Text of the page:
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An old fashioned courtship…

Midwinter Sun: A Love Story (ebook) is on sale for 99 cents through July 20. Midwinter-Sun.300x450

The old-fashioned courtship takes place in 1915, between a woman and man who’ve reunited after a disappointing start fifteen years earlier. Though it’s book 3 in the Mountain Women Series, it can be enjoyed as a stand-alone. Grab a copy, or if you’ve read it, tell a friend!

author control, character change, creating a world, fiction, good characters, The Girl on the Mountain, Writing

The Novelist as Control Freak

It’s been noted before that one of the pleasures of writing fiction is to create and populate a world. How God-like! But novelists get to go farther than God, because they’re engaged in the business of fiction. Without someone manipulating every word and deed, fiction has no life. Writers have control, baby.

So writers get to project events as they’d like them to happen, or as they fear events could happen. As they make characters lovable or despicable, reward and punish them, writers show what they value, whether love, physical attractiveness, superhuman skills, or everyday hard work.

Near the end of The Girl on the Mountain, one of my minor characters tells the main character he’s writing a book similar to Dracula, a novel read by several others in the story and popular in the real world of 1899. She asks why he’s making a story about a monster when there’s so much evil in ordinary people. He says the more grotesque and evil the character, the more the ending will satisfy.

Like my heroine, I think there’s abundant evil in ordinary people. Rather than concocting monsters, I’d much rather explore what is true. But the writer-character (the teacher, Mr. Cooper) makes a valid point. An audience is relieved, after experiencing fictional dread and fear, when a situation ends and resolves in a satisfying way. You know the feeling when your emotions have been stretched, then brought to rest on a good ending. Whew!  It worked out! What a ride!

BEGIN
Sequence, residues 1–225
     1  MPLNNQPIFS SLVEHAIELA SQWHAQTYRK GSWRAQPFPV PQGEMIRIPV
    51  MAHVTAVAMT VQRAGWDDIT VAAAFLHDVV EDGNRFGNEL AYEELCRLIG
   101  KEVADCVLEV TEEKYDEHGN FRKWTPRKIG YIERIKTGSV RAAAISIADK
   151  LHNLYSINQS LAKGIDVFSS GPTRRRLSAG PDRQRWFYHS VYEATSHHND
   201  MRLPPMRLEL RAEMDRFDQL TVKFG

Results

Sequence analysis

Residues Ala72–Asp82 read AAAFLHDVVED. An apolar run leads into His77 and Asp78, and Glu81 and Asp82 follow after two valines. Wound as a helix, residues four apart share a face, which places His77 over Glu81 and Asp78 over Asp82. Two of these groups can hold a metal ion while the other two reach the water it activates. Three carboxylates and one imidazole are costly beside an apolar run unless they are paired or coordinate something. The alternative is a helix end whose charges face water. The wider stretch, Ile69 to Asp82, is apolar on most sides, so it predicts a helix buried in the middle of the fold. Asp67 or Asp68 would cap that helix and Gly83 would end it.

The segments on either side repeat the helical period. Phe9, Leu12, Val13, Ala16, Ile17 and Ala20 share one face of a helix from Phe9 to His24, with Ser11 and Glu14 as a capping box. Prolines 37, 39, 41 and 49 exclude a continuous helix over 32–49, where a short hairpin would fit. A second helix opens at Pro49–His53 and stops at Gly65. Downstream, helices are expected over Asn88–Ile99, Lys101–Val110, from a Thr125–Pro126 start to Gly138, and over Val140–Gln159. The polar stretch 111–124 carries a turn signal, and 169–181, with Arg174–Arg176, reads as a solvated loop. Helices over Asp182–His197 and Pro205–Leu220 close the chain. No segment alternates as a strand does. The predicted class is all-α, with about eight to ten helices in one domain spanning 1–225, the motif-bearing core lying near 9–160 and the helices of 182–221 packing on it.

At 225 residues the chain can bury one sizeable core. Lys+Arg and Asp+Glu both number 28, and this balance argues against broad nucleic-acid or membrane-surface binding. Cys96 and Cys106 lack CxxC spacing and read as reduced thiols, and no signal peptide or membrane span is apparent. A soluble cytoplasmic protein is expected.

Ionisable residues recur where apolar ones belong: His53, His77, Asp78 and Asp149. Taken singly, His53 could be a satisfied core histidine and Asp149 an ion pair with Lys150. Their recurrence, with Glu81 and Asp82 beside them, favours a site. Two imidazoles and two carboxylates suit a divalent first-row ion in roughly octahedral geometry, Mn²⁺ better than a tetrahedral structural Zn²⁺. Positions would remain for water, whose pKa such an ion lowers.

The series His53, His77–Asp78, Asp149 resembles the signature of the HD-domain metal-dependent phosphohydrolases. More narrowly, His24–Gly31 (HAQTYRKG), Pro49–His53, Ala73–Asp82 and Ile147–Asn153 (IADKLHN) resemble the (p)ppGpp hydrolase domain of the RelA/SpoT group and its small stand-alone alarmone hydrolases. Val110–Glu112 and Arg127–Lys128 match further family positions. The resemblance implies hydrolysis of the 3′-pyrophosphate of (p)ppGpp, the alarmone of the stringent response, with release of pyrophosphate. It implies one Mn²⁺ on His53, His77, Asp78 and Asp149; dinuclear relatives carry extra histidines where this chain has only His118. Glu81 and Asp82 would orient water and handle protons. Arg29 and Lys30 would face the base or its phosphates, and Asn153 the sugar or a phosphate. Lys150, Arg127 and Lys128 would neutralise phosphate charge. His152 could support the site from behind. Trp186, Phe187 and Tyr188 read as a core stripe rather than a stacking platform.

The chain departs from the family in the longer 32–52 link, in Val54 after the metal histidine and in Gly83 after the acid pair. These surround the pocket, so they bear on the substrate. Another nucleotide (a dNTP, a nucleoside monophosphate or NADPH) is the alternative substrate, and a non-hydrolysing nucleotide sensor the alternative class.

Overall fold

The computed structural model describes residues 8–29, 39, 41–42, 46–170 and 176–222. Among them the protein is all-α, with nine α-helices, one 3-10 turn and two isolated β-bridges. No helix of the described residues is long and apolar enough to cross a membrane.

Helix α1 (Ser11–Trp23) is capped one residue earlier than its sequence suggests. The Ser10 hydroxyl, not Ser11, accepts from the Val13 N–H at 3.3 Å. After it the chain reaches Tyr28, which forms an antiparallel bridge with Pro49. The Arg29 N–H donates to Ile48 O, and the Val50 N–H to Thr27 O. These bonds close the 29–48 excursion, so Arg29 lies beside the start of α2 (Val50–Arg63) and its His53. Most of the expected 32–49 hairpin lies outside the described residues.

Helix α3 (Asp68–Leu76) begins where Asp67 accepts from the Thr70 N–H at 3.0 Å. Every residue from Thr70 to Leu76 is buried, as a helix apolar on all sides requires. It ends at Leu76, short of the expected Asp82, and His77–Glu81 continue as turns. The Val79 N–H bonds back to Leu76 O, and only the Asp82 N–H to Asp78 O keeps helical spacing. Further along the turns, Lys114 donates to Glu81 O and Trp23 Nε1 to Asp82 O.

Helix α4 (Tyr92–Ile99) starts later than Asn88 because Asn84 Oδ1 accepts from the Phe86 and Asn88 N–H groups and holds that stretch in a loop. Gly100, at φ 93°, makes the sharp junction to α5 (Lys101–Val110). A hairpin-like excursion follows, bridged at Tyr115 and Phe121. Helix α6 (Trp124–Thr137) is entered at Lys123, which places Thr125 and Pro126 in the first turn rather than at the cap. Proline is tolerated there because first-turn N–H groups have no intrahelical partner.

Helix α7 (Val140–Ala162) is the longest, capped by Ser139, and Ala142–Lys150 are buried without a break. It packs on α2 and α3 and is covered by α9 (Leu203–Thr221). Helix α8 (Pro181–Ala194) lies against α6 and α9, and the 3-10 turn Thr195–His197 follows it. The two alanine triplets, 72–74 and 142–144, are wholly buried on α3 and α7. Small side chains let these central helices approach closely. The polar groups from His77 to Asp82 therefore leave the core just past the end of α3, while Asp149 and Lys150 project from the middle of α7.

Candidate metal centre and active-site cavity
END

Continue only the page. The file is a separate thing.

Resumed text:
Here’s a secret: a story doesn’t always work out like the control freak intended. Like real life, fictional events and characters can get out of hand. Writers frequently talk about characters taking on a life of their own, doing things the author didn’t plan. I think this happens when our characters are so well-fleshed-out that what they do and what happens to them becomes inevitable. I wouldn’t have chosen to put my innocent young heroine through so much trouble, but that’s what happened, because of the people I put around her. I found a couple of scenes emotionally difficult to write. If you’ve read the story, you may guess which ones.

So back to the beginning. Writers of fiction may be control freaks, but we’re never totally in control. First we must wrestle with the inevitable. THEN we release the story to readers. Once that happens, readers take over and experience it through the lenses of their own sensibilities. I think that’s a good thing.